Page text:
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'Not Quite the Affront to the Hard-Up American Taxpayer'
I had a hard time articulating what bothered me about Tom Friedman's take on the White House's incentives for a settlement freeze.
Whether or not you agree with the US offer, Jeffrey Golderg's take on Friedman strikes a chord on one important point:
One small note, or not so small -- Tom tends to frame the recent (and generally-speaking unwise) American offer of $3 billion in F-35 Joint Strike Fighters in exchange for a 90-day extension of the settlement freeze as a gift America could not afford to give. But he doesn't mention that military aid to Israel, even heavily subsidized military aid (and to other countries, of course) is a form of stimulus spending, since that $3 billion was going to be used to buy American-made products. You would not look at $3 billion in jet fighters as a costly giveaway if you happened to be one of the thousands of people building those planes. This doesn't change the fact that the offer was shortsighted (really, what were American negotiators thinking?) But it wasn't quite the affront to the hard-up American taxpayer that Friedman makes it out to be.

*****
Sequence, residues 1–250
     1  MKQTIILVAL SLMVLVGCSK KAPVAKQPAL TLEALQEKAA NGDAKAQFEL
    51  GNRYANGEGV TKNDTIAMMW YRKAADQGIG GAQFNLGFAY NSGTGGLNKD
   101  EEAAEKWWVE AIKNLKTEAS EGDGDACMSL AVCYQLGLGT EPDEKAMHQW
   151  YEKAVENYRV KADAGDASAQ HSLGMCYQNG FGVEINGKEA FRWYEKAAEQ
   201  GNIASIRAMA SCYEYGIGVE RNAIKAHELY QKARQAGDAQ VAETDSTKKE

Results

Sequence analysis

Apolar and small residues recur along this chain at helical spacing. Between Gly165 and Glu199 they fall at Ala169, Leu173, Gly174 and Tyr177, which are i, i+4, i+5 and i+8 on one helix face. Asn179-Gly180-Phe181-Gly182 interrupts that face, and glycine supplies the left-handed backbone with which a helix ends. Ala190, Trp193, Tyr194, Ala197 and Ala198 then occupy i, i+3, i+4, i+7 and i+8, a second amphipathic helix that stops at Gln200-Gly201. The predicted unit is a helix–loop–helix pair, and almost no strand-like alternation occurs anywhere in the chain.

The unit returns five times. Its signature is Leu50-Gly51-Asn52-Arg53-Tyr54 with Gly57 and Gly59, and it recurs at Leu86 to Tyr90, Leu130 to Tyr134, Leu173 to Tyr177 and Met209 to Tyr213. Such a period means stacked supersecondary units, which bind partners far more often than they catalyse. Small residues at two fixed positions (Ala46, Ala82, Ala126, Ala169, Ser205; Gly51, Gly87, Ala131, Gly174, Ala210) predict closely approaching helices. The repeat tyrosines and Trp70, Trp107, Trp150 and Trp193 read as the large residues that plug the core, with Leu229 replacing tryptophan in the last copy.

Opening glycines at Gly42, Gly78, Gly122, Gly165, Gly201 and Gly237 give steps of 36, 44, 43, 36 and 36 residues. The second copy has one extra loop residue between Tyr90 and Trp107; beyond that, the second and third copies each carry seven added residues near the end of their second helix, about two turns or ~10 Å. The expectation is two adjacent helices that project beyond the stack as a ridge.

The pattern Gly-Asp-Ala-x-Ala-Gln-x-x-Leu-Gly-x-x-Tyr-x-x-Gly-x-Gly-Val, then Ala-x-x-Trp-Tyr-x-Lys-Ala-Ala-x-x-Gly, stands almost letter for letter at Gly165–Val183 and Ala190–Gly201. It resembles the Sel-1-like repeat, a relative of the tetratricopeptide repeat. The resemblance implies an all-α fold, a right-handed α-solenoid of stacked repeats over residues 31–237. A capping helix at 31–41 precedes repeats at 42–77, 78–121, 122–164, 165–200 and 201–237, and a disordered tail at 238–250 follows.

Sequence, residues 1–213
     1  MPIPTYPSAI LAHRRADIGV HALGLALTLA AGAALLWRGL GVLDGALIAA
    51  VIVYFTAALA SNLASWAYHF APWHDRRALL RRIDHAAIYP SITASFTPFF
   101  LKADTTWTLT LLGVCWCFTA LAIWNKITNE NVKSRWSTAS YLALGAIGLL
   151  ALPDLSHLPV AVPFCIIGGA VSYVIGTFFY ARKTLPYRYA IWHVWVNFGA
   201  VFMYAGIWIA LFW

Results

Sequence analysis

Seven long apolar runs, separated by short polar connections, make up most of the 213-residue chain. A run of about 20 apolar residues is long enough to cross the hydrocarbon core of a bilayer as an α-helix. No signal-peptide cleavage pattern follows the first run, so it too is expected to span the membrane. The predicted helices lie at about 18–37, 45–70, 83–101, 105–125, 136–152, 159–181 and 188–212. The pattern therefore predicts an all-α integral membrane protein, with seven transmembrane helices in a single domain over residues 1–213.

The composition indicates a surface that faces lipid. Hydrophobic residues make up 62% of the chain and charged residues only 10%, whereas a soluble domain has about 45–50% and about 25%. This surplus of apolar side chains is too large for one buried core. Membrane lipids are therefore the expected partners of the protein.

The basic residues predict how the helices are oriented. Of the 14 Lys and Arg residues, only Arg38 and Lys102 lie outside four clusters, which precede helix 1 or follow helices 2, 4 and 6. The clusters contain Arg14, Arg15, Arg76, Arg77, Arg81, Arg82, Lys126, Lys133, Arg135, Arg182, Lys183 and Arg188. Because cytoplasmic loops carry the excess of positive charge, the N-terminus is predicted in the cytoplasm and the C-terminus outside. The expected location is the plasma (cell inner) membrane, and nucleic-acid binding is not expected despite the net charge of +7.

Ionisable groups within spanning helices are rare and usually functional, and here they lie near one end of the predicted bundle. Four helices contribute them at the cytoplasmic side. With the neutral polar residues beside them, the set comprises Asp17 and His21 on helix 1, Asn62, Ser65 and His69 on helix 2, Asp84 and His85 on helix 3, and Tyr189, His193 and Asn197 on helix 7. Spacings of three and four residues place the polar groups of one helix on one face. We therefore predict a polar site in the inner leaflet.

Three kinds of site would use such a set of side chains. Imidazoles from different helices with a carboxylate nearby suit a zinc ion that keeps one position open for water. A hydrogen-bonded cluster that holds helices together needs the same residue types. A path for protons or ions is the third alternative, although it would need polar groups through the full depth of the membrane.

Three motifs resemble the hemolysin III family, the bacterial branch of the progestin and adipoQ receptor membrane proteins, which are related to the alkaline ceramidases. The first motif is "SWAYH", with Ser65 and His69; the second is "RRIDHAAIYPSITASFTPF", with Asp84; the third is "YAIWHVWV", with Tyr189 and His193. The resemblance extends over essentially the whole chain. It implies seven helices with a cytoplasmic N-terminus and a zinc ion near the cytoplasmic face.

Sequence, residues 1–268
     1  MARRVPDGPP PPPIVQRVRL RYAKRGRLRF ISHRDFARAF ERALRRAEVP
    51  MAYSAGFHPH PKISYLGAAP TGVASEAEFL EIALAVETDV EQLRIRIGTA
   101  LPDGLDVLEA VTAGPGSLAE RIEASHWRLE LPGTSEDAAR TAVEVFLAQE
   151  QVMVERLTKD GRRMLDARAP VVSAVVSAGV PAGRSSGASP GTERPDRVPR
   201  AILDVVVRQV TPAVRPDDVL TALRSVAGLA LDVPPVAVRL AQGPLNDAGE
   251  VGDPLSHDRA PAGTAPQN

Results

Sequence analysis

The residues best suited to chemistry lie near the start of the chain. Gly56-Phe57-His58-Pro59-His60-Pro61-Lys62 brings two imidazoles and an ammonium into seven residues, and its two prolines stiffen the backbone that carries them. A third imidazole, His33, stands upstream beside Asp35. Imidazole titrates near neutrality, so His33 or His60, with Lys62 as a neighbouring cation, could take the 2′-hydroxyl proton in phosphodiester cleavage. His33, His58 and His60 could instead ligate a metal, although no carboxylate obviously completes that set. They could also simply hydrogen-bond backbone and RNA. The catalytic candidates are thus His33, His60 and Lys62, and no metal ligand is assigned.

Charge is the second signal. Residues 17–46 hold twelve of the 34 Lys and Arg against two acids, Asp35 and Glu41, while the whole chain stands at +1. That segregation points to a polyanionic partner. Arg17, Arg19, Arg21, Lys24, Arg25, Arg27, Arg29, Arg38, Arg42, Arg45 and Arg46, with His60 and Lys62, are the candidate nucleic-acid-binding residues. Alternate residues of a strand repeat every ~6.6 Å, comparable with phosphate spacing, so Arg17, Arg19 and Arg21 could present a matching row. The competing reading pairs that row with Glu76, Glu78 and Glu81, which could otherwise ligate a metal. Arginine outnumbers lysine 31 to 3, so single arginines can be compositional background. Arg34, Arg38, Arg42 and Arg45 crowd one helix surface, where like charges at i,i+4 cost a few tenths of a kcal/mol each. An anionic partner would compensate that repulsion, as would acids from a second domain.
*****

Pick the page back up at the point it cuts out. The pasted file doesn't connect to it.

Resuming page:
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Please would you ask the USA to give me say $3m (I'm not greedy). I am an altruist and I promise to spend it all on American products as a form of stimulus spending.